In respect to airstrikes which were carried out by the Russian air force against the city Aleppo, these were strategically motivated. Russia according to Kujat, wants to drive a wedge between those areas controlled by Assad’s troops and those controlled by the terrorist IS militia. This would also interrupt the logistical weapon supply for the IS, flowing from Turkey into the IS territory. Kujat concludes that the Russians have come back on the world stage as global and equal player and that one of their main interests is to prevent the geographical spread of terrorism into the Caucasus.
A similar line is given by senior correspondent of the Frankfurter Allgemeine Zeitung (FAZ) Markus Wehner, who commented on February 14th in the FAZ that “Russia has brought about a major turn which is qualified by German security circles as ‘irreversible’.” Its long term strategy is to stabilize the Syrian regime, win against the armed opposition and then fight the IS. The FAZ journalist noted that there is, between the US and Russia a mutual tolerance and that each side informs the other so as not to get in each other’s way. Wehner emphasizes that Russia qualifies the IS as big danger for its own southern flank, given that thousands of IS fighters in Syria and Northern Iraq come from Central Asia states, and that part of Russia’s long-term strategy in Syria is that terrorism will not be allowed to spread to Northern Africa, Afghanistan and Central Asia.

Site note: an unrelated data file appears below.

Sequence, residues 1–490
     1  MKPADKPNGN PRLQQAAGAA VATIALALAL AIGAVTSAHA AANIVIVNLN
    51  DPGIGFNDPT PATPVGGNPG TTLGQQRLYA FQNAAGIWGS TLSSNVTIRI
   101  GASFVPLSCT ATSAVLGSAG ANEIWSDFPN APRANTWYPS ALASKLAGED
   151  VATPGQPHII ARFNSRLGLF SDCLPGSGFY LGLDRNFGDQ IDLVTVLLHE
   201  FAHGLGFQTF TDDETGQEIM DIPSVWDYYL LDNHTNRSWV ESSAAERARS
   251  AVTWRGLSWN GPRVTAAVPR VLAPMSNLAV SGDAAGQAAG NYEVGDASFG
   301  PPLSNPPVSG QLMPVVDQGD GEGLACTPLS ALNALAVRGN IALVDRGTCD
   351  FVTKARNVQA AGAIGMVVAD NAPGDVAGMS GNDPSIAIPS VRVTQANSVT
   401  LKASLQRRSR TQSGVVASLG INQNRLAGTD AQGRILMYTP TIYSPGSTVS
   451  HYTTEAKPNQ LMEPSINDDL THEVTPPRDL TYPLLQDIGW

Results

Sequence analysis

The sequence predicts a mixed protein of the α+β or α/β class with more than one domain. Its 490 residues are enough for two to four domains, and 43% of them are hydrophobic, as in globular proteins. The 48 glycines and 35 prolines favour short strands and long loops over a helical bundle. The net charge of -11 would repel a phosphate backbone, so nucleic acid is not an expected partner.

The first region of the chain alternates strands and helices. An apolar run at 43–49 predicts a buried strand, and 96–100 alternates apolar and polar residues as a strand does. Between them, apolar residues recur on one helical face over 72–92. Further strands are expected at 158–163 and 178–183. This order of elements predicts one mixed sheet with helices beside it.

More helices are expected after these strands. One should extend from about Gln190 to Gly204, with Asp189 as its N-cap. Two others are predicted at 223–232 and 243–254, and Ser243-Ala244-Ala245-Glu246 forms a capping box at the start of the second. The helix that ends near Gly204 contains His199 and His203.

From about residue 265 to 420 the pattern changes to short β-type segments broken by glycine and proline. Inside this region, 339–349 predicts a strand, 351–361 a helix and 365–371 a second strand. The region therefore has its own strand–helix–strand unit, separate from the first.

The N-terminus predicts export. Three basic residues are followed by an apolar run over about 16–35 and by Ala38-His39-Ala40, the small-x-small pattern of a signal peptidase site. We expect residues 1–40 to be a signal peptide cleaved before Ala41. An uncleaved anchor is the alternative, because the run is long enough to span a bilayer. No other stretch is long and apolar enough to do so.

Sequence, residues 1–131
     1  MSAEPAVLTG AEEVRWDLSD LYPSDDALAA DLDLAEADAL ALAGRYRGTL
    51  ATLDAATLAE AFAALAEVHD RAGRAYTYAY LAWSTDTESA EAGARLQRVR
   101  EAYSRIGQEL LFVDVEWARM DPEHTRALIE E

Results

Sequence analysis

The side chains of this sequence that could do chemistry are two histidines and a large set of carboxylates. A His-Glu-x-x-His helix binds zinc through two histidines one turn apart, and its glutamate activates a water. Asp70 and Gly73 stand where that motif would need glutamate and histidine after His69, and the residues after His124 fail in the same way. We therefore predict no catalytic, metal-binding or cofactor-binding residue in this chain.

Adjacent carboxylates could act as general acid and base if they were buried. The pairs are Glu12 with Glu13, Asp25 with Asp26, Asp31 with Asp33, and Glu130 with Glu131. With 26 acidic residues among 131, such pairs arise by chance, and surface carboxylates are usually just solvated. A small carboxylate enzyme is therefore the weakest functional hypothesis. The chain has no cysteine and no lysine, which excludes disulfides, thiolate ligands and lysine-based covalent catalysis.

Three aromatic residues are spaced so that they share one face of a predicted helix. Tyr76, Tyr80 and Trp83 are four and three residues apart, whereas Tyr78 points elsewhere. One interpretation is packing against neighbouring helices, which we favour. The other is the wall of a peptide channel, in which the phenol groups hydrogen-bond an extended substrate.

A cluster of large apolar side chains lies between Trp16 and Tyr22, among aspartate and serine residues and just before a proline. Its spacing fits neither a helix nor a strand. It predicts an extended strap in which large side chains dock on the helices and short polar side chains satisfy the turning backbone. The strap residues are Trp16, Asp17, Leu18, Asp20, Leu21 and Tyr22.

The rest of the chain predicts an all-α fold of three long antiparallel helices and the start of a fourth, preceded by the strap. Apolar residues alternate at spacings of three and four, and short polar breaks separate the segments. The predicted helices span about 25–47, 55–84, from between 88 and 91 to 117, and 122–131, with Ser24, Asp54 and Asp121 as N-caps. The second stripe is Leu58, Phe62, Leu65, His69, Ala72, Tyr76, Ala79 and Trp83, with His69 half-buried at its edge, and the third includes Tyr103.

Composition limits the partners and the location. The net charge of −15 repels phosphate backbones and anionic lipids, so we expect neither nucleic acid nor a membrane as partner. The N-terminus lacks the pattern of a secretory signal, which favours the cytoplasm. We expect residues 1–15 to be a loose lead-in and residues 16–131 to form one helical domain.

Interview with President Bashar Al Assad in German TV
One day after the ceasefire went into effect, the German public TV Channel ARD conducted an interview with the Syrian President, Bashar Al Assad and the ARD Mideast correspondent Thomas Aders ( February 29th). It was the first time in years that the German citizens could hear from the Syrian president what his thinking was, and judge on their own what is at stake. The President expressed cautious optimism in respect to the ceasefire and qualified it as “a glimmer of hope for the Syrians and for all of us”, underlining that we “deal with a multilateral agreement …you are talking about more than one hundred factions of terrorists and so many other countries that support them.”